Archive for May, 2021

Embracing Agility

May 21, 2021
Embracing Agility

FountainBlue’s May 21 Front Line Managers’ Online meeting was on the topic of ‘Embracing Agility’. Please join me in thanking our panelists for their participation.

Our panelists spoke in-depth about the innovation, management, and operational benefits for embracing agility. The quality of being flexible, open and nimble is becoming increasingly more important in a world where technology is complex and distributed, a world where customers are demanding and sophisticated, a world where privacy, security and access are as important as coordination and collaboration.

Below is a compilation of their best practices for embracing agility.

Building and Maintaining Relationships is Key

  • Being open and curious and developing relationships with people within and outside your team/org/ company helps people be more nimble and agile.
  • Don’t label yourself as someone in a particular role/ skill set/ title/function, but do stretch your perception of who you are, where you fit as you build more relationships, more knowledge and skills.

Communicating and Coordinating Increases the Likelihood of Success

  • Making the opportunity to co-design and co-develop products is both more fun and more likely to deliver favorable results.
  • Communicate the agile-minded strategy to key stakeholders in a language best received by the intended audience.
  • Consider the fact that executives have a high signal-to-noise level, so stay on-point, speaking in bullets, drilling down into details only on where there are questions.
  • Take a WIIFM (what’s in it for me) approach to communicating with the various stakeholders across the ecosystem. It increases the likelihood of engagement, sharing, and collaborating.

Adopting Agile Practices Helps Companies, Teams and Leaders Be More Open and Flexible

  • Agile Practices helps teams and leaders make pivots and shifts based on market, business, customer and technology trends.
  • Situational awareness helps leaders at all levels be more strategic while being more open.
  • Becoming agilely aware of new technology and market trends helps you learn new technologies and methodologies while also helping teams build smaller, more modular solutions.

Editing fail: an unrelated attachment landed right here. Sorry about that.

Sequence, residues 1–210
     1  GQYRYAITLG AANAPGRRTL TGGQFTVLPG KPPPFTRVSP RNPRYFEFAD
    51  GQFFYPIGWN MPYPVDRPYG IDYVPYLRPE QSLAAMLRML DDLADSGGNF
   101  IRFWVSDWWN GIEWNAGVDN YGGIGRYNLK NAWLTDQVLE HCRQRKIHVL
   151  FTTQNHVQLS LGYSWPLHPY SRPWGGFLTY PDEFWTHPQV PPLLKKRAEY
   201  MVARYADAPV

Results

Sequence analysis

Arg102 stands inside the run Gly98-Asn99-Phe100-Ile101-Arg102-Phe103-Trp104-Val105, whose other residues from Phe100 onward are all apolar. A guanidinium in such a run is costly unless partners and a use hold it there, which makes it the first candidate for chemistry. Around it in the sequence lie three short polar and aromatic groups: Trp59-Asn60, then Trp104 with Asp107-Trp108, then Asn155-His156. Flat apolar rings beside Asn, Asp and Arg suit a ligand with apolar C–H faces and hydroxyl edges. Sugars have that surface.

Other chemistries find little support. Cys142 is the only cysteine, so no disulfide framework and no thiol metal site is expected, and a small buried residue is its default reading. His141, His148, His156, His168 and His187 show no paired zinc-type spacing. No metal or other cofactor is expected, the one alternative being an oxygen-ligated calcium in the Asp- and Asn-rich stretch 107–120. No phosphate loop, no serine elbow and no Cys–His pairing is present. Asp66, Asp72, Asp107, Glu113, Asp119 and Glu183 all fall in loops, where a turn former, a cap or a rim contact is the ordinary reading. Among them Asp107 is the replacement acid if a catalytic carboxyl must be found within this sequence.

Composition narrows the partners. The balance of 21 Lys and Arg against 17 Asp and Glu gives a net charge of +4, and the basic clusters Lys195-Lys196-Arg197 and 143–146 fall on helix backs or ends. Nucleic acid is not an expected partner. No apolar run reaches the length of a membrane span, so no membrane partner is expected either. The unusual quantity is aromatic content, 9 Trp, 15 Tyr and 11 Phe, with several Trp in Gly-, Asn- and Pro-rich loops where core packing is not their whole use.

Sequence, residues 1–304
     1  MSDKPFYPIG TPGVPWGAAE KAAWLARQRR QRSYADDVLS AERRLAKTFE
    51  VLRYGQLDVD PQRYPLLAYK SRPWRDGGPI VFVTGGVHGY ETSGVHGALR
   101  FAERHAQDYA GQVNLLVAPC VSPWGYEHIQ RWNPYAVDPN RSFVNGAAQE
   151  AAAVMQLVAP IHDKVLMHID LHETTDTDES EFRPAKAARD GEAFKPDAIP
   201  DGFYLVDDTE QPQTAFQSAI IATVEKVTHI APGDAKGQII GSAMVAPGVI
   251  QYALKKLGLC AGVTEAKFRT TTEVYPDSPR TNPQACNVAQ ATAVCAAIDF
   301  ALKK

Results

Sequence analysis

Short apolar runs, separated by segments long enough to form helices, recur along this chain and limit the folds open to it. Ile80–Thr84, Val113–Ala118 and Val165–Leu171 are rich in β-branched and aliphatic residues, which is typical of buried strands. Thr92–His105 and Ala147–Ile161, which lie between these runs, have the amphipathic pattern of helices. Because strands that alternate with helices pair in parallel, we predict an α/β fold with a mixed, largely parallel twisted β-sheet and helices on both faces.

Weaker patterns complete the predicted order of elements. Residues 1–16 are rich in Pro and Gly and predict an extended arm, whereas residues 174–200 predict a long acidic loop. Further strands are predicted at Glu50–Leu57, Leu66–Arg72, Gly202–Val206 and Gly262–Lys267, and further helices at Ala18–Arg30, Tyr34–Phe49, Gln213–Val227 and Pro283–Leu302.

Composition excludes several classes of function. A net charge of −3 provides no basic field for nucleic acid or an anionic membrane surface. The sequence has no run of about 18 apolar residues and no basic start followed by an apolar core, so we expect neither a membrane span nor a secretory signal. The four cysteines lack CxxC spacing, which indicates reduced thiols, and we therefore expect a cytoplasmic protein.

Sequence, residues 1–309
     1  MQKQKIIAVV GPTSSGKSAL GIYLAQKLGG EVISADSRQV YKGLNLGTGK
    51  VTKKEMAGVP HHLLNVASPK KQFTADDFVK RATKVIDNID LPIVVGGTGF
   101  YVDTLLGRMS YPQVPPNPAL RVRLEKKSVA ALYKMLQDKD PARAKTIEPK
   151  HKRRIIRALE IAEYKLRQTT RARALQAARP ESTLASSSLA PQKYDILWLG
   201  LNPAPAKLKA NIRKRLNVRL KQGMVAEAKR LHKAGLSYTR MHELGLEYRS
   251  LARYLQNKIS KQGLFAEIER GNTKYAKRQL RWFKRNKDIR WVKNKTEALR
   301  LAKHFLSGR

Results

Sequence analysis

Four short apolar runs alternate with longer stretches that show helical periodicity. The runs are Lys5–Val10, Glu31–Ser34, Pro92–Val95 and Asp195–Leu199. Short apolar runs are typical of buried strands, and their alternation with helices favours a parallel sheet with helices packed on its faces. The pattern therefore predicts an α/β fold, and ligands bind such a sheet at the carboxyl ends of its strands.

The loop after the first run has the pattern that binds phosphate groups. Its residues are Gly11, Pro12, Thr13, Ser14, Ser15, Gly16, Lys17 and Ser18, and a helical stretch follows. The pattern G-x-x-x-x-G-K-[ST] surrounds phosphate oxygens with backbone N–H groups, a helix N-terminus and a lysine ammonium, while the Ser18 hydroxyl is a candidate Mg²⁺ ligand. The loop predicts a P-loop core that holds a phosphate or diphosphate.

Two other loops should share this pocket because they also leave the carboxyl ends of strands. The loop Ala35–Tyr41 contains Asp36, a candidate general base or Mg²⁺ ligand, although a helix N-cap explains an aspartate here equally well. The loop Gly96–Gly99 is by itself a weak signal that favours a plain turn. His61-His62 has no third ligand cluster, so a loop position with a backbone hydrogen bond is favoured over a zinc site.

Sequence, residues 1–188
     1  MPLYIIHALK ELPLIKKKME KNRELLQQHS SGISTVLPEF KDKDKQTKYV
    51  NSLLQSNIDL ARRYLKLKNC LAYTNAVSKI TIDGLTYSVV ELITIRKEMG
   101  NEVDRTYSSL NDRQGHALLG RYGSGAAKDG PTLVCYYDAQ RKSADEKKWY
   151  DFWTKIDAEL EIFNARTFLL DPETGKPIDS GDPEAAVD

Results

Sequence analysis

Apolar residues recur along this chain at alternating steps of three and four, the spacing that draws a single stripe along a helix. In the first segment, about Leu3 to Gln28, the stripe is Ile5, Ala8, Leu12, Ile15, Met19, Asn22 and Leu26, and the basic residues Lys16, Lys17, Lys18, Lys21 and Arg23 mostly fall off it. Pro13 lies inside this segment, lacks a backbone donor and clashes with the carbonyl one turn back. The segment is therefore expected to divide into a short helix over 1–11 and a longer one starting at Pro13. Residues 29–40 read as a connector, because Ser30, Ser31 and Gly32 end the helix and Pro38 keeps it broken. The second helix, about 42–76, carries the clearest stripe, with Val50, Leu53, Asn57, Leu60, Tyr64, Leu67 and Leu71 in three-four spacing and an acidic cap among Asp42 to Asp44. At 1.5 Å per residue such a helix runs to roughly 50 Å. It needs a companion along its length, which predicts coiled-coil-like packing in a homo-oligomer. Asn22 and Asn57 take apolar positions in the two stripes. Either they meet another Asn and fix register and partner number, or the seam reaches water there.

Soliciting Feedback and Input Helps Us All Better Perform

  • Rather than staying in a silo or working solo, be curious about how others are solving problems and how others are looking at opportunities.
  • When you have many moving parts, many unknowns, consider collaborating on a Fail-Fast strategy so you can get more feedback, information and data to inform plans, processes, product definitions, risk assessments, etc.,
  • Clearly defining processes helps manage performance, feedback and results and helps to optimize the flow and integration across individuals, teams, and customers.

Engaging and Mobilizing Leaders at All Levels Facilitates the Visioning, Planning and Execution Process

  • Strategically communicating the value, the risks, the opportunity helps build engagement for stakeholders across the value chain.

The bottom line is that the agile mindset helps leaders at all levels and their teams and organizations be more innovative, more progressive, more successful.

Expanding Your Circle of Influence

May 14, 2021

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FountainBlue’s May 14 When She Speaks women in leadership series program, on the topic of ‘Expanding Your Circle of Influence’. Please join me in thanking our hosts at Oracle and our esteemed panelists. 

We were fortunate to have such a fun and influential set of panelists for this afternoon’s panel discussion. They represented an assortment of companies, roles and backgrounds, but they had much in common:

  • They humbly shared their stories of how they grew their influence.
  • They ‘switched lanes’ frequently, sometimes by designed and embraced each change in role, title, function and geography as learning opportunities.
  • They cherished the opportunities both to learn and grow themselves, but also to spread the knowledge and success to others, paying it forward.

They are movers and shakers who are also easily moved and shaken as they navigate their lives and careers. Below is a compilation of their advice regarding expanding your influence.

Know Yourself

  • Be clear on what you’d like to influence and why that matters to you, to others, to the team, to the organization, to the world.
  • Be self-aware enough to know what you’re good at, where you need to grow, how you’re coming across to others.
  • Be authentic and sincere and uniquely you – embrace your personal style of influence.